In Japan and Korea it is also known for being used to color festive rice cakes, and is a common seasoning within Korean soups and pancakes. It should be noted that Mugwort can be a hallucinogenic, but when cooked those properties are neutralized. In the mid-ages Mugwort was part of a herbal mix called Gruit, which was used to flavor beer before the widespread use of hops, likely resulting in hallucination as well as inebriation! In ancient and medieval times Mugwort was also used for its magical properties, where it was seen as a protective herb that could dispel fatigue and protect a traveler from evil spirits and wild animals. Indeed, it was included in the 10th century "Nine Herb Charm" that is said to ward off poison and illness. It is also supiced to be a potent aid in lucid dreaming, astral travel, and otherwise increasing the intensity of dreams, as well as the ability to control and remember them.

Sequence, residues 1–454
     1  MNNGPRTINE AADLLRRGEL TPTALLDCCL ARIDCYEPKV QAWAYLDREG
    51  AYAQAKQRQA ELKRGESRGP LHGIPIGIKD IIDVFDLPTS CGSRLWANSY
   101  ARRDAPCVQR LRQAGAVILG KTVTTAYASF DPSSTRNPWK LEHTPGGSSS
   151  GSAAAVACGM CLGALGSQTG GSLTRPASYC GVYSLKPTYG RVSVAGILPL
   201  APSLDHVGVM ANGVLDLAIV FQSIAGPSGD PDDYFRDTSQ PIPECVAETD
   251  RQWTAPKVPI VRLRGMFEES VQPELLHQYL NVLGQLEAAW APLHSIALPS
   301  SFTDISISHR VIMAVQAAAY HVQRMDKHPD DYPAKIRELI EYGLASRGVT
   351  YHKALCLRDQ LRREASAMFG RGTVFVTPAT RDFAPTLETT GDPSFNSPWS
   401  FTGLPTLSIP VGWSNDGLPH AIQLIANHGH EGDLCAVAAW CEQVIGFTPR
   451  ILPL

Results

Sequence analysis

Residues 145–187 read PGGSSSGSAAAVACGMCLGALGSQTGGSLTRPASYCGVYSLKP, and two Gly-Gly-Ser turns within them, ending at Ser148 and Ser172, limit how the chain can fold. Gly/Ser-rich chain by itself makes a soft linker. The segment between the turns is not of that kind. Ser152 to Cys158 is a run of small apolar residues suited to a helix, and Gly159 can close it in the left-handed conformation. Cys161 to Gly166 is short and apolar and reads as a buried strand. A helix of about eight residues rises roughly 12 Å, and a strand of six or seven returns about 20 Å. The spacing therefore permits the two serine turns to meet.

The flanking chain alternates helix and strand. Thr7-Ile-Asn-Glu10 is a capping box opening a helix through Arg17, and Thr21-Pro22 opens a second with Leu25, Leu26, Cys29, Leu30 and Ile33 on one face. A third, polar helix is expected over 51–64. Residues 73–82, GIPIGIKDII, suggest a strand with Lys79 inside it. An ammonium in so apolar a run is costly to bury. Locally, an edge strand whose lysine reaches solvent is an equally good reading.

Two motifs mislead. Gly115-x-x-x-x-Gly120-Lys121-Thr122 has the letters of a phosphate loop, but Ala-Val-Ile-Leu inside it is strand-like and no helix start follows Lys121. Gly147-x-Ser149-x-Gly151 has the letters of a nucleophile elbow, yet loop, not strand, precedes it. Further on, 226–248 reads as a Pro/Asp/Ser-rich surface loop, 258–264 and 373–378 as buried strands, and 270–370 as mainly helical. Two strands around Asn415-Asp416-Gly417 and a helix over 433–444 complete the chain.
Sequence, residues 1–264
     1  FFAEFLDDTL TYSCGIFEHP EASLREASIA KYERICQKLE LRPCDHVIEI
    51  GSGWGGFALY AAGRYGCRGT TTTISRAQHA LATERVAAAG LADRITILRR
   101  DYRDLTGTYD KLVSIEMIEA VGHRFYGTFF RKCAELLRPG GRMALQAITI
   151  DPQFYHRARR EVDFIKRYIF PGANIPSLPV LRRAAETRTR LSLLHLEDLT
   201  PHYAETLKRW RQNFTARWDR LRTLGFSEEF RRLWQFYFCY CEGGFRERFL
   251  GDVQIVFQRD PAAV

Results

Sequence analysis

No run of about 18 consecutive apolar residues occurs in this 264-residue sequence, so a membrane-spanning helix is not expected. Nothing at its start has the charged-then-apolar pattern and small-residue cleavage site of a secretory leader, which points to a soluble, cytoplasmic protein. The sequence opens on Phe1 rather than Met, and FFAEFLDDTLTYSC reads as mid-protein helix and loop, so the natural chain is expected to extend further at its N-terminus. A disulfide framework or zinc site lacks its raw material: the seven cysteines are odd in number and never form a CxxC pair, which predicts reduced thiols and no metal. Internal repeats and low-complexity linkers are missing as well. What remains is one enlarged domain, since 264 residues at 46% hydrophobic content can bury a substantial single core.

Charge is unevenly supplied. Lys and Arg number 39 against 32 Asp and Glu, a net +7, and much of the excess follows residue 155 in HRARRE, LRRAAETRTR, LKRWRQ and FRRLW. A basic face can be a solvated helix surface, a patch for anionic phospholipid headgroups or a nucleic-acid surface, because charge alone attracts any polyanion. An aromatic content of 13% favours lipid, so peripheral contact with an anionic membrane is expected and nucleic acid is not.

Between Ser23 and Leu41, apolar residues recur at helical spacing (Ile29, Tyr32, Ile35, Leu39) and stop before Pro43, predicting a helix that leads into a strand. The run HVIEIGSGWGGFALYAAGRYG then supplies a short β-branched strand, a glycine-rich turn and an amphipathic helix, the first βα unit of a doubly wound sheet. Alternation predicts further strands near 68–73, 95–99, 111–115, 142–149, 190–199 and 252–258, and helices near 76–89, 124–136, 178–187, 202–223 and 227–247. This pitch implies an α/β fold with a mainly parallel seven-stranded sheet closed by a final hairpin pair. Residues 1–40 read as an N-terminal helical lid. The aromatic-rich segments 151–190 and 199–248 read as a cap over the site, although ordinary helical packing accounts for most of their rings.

In Ayurveda medicine in India, Mugwort is also used for cardiac complaints, feelings of unease, and general malaise. Within Chinese medicine, it is pulverized and aged into a form called Moxa. In this form it has shown a great deal of aid in positioning fetuses that are in breech positioning. Moxa and acupuncture has also been shown to slow fetal heart rates while increasing fetal movement. Moxa has also been shown however to possibly cause uterine contractions.